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We began educating our three children in 1985, when our eldest was aged five years. In truth, we had helped them learn what they need to learn as they grew and explored and discovered this amazing world since the moment they were born. I am a passionate advocate of allowing children to learn unhindered by unnecessary stress and competition, meeting developmental needs in ways that suit their individual learning styles and preferences. Ours was a homeschooling, unschooling and natural learning family! There are hundreds of articles on this site to help you build confidence as a home educating family. I hope that your home educating adventure is as satisfying as ours was!
Teaching the times tables
We've tried many things over the years, and because we have three children, all learning at different rates, learning the times tables seemed to be a never ending activity! Here are some of the things we've done:
- I made up grids 1cm by 1cm of ten by ten and wrote in the numbers 1-100. I then photocopied ten pages and stuck them together in a book. I asked the children (each when ready) to colour in and discover the patterns for each times table - the first page beginning with adding on two each time. The result was a chequerboard, of course. One grid a day. By the end of the booklet the kids (each in turn) were amazed at the patters. Thomas became very interested, and began to just concentrate on number patterns, which completely sidetracked all his table learning from there. Boy, he learns differently from the rest of us.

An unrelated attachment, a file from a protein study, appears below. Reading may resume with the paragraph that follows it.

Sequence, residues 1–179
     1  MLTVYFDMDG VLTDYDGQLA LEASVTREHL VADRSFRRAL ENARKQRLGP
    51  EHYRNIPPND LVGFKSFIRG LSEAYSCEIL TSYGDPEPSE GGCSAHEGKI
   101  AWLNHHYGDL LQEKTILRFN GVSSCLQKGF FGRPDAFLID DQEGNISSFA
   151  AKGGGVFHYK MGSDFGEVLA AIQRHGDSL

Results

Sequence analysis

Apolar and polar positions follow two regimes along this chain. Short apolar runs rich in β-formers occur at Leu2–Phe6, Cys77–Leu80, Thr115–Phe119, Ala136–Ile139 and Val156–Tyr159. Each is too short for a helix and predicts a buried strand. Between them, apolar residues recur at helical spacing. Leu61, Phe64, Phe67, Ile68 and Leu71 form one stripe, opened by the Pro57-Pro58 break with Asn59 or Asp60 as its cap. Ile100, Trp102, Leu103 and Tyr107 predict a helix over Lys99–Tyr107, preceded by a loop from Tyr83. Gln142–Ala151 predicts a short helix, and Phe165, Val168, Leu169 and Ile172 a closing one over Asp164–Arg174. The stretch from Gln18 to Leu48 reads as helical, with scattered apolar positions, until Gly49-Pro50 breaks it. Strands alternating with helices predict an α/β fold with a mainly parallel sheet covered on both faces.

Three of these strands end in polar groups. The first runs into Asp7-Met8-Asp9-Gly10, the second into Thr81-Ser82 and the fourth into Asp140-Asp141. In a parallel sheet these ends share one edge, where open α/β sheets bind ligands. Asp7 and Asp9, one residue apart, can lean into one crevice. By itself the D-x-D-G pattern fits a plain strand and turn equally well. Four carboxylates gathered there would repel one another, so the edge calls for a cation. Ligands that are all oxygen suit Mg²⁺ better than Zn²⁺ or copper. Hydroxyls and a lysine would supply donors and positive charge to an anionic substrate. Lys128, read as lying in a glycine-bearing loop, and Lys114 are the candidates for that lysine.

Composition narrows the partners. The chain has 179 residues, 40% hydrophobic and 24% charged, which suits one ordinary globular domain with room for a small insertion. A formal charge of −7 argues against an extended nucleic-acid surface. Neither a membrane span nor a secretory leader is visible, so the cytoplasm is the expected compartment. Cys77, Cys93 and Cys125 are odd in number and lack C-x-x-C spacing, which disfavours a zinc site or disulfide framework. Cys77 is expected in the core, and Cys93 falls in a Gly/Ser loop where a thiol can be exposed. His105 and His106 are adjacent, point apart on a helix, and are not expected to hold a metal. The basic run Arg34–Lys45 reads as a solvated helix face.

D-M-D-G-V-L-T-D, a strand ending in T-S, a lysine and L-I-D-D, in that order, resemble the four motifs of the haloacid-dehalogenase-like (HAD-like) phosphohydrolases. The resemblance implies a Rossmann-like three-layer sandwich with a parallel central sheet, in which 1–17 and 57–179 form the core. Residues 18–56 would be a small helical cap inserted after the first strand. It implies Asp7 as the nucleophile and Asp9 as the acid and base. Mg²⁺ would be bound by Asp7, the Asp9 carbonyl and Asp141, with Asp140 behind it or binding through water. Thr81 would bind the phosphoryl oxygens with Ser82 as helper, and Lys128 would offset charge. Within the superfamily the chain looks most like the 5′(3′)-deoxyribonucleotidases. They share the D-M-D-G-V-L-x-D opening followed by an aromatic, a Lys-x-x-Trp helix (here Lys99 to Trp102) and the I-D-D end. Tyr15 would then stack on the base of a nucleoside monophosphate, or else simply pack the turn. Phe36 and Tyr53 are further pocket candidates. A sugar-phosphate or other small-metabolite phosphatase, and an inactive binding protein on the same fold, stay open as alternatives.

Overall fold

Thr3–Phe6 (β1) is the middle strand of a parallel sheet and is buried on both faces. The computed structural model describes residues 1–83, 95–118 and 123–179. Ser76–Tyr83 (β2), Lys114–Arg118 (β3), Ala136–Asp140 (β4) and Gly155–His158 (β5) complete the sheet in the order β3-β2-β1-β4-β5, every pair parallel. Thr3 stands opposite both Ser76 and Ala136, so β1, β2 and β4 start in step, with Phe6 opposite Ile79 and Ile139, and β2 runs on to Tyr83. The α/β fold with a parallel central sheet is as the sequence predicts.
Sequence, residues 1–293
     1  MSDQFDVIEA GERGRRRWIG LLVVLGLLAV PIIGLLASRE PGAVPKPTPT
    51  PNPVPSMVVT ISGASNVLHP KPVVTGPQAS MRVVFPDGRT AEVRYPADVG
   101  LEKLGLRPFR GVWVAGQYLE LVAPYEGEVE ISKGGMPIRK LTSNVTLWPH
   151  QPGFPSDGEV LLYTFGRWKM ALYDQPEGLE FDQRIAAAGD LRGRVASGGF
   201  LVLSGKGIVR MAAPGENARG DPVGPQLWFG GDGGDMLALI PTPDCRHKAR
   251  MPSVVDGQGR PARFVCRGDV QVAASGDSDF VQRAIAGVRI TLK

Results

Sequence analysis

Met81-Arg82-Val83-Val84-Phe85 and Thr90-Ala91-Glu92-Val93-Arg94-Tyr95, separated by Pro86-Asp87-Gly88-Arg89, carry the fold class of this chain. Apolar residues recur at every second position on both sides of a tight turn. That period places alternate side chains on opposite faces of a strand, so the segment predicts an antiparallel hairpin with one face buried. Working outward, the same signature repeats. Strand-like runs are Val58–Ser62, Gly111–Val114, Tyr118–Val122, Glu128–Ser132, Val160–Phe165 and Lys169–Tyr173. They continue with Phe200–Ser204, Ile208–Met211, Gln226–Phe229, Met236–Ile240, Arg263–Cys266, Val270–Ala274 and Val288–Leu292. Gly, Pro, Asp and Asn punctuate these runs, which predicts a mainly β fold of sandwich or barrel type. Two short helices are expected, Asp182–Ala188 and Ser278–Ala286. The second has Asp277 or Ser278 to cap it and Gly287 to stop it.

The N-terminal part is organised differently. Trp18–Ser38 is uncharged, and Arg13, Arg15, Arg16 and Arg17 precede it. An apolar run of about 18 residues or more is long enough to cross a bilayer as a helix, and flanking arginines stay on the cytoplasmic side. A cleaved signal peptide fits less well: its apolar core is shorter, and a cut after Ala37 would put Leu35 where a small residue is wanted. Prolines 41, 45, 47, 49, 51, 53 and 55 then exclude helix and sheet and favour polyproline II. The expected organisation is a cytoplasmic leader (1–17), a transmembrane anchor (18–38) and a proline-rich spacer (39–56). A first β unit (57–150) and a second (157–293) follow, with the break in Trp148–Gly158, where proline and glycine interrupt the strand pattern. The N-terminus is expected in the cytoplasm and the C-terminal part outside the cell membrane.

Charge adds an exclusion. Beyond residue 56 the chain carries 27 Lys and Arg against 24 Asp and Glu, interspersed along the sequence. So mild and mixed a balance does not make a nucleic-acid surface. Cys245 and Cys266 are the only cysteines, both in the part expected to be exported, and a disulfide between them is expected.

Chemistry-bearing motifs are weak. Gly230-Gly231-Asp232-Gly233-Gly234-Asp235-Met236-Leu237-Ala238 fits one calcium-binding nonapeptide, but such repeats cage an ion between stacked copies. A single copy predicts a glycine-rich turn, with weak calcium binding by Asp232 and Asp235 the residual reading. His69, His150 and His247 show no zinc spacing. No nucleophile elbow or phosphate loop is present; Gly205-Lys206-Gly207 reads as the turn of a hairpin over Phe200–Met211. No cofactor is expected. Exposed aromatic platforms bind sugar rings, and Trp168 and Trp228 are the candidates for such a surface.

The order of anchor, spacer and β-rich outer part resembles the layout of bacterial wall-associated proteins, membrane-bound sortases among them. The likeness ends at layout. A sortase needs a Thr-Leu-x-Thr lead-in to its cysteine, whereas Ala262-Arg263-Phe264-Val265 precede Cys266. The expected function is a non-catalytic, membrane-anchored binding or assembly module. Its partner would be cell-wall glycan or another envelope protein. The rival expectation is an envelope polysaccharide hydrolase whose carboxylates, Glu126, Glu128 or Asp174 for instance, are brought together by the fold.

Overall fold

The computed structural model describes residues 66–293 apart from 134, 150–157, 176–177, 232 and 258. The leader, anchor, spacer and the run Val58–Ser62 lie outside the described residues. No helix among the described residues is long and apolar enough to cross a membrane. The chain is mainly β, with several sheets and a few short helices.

- Picked up some tables songs and learned them. I even wrote them out and printed them up as a booklet and illustrated it for the children to colour in. I learned the songs too, but I have forgotten them all now!
- Periodically I would ask the children to write out the times tables, all ten of them (about once every four years). I had to show them what I meant the first time. The first time Thomas did this, at age nine, he wrote out 1-5 without any problems and enjoyed the task. Roger, who'd never done this before managed all ten, and realised some weak areas. April who didn't listen properly wrote out all twelve, but she'd done it all before... I found the exercise worth while, cos it allayed my fears I had mathematical dummies on my hands... as if tables were that important anyway...
- Playing with cuisenairre and mortensen bricks. Lots of this. Roger and April endured a couple of hundred carefully sequenced mortensen work books (don't know that it helped, in fact, I am pretty sure it didn't, but they certainly could do the work - even algebra at age 6). But the hands on stuff was brilliant. We built towers, and road maps, and patterns, lots of patterns. Lots of coloured bricks.
- Playing with LEGO helps too. We have onie bricks, then twoie bricks, threeie bricks, six and eight bricks.... every thing seems to be in multiples in lego. Boy, LEGO multiplied quickly in this house!
- And LOTS of real life practice. Going around the shopping centre and trying to work out if the 375g packet is cheaper per kilogram than the 500g packet. Way over the kids' heads, but doing the mental arithmetic out loud and given them sub sets of the whole problem to work out really helps. The other day I was trying to work out something, and gave Roger a part of the sum, and Thomas another part. It was tricky cos not only did I have to keep the whole in my head and work it out, but I also had to follow their reasoning. All this walking along the road.
- And a friend was worried about her 11 year old and his tables, so she got him to write out one a day, at the same time Thomas was (this was his motivation). Max learned all twelve in twelve days, and has retained them. Thomas got so involved in the repetitive number patterns he forgot he was learning tables. He thought he was playing with numbers and kept showing me things that were so amazing....
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